This article is from the Woodworking FAQ Collection 2, by multiple authors.
From: firstname.lastname@example.org (Hari @ PCB x2008)
Date: Fri, 7 Feb 1992 20:15:42 GMT
> I read a borrowed a copy of Duginske's (sp?) Bandsaw Handbook recently.
> I got the distinct impression that he wasn't impressed with any of the
> US made bandsaws, including the Delta, because they use crowned wheels.
> Evidently crowned wheels make cheap saws track better at the expense of
> performance with wider blades. At least this is what I seem to remember.
> Can anybody add to this? The better European saws use flat wheels. Dunno
> about Japanese saws (e.g. Makita and Ryobi.)
After doing a whole lot of research I ended up buying an Inca 10.5" bandsaw a
year ago from Garrett Wade. I like it very much. It is very precise and gives
me no trouble even when sawing thru 6" stock. It is very quiet also. The only
two drawbacks I can see with this bandsaw is the price and the throat capacity.
I paid around $720 for it. For most of the work I do the 10.5" throat capacity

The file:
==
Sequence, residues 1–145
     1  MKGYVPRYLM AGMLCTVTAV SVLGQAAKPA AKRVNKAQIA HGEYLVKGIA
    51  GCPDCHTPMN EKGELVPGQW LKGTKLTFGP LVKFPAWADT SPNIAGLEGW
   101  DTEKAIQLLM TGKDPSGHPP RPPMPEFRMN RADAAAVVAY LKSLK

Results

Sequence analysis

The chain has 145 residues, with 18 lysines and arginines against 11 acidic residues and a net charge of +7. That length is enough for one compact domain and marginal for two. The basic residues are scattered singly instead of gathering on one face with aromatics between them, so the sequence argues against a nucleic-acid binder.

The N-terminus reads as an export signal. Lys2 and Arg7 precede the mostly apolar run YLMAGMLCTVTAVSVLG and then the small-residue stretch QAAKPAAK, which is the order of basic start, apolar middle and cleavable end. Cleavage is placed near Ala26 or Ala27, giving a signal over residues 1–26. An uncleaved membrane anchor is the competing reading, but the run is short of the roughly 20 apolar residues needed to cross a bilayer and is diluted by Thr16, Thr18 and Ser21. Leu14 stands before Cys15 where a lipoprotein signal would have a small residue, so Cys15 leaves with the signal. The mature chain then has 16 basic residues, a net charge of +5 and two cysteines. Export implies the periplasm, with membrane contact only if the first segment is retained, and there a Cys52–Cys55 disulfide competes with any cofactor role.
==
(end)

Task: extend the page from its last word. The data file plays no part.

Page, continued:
is okay, though I have felt at certain times that a 14" or a 20" would be
better. Regarding the quality of the tool I haven't seen any other brand
which comes even close to the quality of workmanship of the Inca. So if you
don't mind the extra money you pay for quality you should take a look at the
Inca 10.5" or the 20" bandsaw. The wheels of the Inca are not crowned and
tracking is not a problem at all. The blade is mounted on the wheels such that
the cutting edge of the blade sticks out a little bit off the edge of the
wheels. I personally think a crowned wheel like the ones used in U.S made
bandsaws will put uneven stress on the blade under tension.
Overall the Inca is a very nice and compact tool which I think will
maintain its quality for a long period of time.